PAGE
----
On the corniche in Beirut, the Lebanese capital’s seaside promenade, I recently witnessed the following scene: four Syrian boys who looked to be in their early teens were harmlessly partaking of some snacks on a bench when two members of Lebanon’s Internal Security Forces (ISF) descended upon them on bicycles. Identity papers were demanded, one of the boys was physically searched, and another was made to get down on his hands and knees and painstakingly collect every last sunflower seed shell that had accumulated at the group’s feet while one of the cops inexplicably took photographs of him. (They’ll surely make a great addition to any future brochure showcasing the ISF’s services.)
When my companion approached the boys afterward to ask for details, they claimed the intervention was triggered by their Syrian accents — a plausible hypothesis given the fact that the Lebanese present on the corniche continued to blissfully scatter remnants of their own snacks without meriting attention from the forces of law and order.
The boys added that the police had asked them if they also littered in their own country — to which they had appropriately responded that they could not properly dispose of the sunflower seed shells because the Lebanese government had nowhere to put Beirut’s trash. Indeed, willful incompetence on the part of the state has resulted in an ongoing rubbish crisis, which has meant that, for the past several months, sizable sectors of the capital and environs have found themselves inundated with festering garbage. Needless to say, much of this waste is far less biodegradable than sunflower seeds.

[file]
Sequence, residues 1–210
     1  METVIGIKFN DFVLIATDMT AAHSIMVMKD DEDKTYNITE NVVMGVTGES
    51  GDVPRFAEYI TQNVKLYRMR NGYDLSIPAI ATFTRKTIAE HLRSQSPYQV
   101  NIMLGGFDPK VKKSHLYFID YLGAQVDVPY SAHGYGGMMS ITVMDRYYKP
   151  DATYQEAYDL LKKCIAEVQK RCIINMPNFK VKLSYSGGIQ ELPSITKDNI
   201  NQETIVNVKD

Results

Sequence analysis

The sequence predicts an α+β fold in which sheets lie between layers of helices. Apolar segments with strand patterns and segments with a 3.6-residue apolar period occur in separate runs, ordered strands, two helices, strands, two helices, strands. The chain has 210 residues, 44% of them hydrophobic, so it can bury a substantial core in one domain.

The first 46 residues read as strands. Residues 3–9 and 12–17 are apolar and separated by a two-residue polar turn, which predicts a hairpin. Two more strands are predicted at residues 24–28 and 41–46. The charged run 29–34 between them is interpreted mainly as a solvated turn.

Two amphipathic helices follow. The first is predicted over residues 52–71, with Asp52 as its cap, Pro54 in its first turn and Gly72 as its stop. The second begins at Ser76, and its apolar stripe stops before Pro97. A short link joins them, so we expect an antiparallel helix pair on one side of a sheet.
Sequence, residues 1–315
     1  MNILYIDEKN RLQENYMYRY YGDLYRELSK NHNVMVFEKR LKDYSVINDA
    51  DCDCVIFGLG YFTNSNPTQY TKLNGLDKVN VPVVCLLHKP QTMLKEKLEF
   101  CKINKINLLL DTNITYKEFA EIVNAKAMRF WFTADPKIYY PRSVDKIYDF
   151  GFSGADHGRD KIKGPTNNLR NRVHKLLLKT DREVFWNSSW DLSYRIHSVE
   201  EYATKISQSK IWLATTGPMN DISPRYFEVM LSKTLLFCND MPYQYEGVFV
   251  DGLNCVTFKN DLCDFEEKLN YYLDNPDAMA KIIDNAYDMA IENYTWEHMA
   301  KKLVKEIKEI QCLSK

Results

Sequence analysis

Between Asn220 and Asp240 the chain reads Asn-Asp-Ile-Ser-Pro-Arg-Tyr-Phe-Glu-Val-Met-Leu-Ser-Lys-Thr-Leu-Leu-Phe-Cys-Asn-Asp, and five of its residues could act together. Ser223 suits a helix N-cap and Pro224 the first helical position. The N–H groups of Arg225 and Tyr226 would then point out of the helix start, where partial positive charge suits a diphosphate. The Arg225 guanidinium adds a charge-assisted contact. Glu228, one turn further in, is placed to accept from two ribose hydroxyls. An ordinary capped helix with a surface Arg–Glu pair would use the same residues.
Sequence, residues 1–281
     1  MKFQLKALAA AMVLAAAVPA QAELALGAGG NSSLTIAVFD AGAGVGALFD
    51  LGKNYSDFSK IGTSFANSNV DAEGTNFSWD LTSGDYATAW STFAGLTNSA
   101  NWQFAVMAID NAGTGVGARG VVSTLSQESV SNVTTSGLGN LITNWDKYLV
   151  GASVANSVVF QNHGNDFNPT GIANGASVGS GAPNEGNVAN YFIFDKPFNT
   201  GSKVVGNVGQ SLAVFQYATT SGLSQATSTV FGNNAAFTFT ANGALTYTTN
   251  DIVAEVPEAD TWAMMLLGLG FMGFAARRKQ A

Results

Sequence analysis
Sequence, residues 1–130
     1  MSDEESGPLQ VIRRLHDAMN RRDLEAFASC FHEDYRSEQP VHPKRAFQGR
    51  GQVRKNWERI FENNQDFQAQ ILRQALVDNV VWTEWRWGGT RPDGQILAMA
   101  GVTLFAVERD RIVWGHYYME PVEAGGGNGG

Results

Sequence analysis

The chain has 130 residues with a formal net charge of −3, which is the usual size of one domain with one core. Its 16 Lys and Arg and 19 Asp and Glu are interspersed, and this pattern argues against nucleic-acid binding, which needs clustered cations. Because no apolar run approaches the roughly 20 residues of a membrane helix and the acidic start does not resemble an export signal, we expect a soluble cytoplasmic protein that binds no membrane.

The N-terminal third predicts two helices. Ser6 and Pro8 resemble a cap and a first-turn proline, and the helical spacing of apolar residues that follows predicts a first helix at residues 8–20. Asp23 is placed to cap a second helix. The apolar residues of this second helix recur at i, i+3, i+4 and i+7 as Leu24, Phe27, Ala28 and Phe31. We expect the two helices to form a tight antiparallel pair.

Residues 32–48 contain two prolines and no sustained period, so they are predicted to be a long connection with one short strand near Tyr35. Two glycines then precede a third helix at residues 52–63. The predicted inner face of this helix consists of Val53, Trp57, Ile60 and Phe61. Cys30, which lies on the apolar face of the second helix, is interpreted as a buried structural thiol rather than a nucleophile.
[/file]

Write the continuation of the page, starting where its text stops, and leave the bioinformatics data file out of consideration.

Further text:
Profiling and harassment are only two of the ways the Lebanese government has complicated Syrian refugee existence. Last October, for example, it flat out stopped admitting refugees, and now requires the ones already present to pay an annual fee of US$200 to remain in the country. A host of other requirements further defy logic: refugees must provide a notarized pledge not to work in Lebanon, as well as copies of a lease agreement or property deed. For refugees who are both poor and forcibly jobless, it’s anyone’s guess where the money for housing — or the US$200 — is supposed to come from. READ MORE AT TeleSUR English.